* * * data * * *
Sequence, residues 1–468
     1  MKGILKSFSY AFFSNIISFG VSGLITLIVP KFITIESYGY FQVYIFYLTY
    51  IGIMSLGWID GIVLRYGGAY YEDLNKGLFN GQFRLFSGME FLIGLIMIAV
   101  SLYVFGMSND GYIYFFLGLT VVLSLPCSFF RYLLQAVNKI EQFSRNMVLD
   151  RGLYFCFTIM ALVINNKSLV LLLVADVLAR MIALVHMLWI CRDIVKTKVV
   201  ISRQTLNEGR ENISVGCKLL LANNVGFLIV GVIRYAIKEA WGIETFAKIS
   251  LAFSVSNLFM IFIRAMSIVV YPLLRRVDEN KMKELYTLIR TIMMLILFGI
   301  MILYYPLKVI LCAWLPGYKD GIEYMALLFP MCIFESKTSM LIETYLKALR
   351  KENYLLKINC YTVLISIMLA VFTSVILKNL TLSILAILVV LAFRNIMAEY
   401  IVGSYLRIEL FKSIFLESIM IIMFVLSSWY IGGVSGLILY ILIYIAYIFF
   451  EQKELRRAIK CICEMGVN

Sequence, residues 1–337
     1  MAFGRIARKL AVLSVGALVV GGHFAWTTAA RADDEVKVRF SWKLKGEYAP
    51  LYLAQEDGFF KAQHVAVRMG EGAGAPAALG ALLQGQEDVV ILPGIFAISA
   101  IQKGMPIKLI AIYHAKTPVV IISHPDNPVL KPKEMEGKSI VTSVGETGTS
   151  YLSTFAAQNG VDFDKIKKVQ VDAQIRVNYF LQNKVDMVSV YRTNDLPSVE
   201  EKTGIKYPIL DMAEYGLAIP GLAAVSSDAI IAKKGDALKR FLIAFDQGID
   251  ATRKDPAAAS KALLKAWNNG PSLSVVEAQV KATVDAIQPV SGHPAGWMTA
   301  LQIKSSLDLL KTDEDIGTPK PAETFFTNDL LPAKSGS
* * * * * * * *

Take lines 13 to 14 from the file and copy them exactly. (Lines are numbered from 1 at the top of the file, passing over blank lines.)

     1  MAFGRIARKL AVLSVGALVV GGHFAWTTAA RADDEVKVRF SWKLKGEYAP
    51  LYLAQEDGFF KAQHVAVRMG EGAGAPAALG ALLQGQEDVV ILPGIFAISA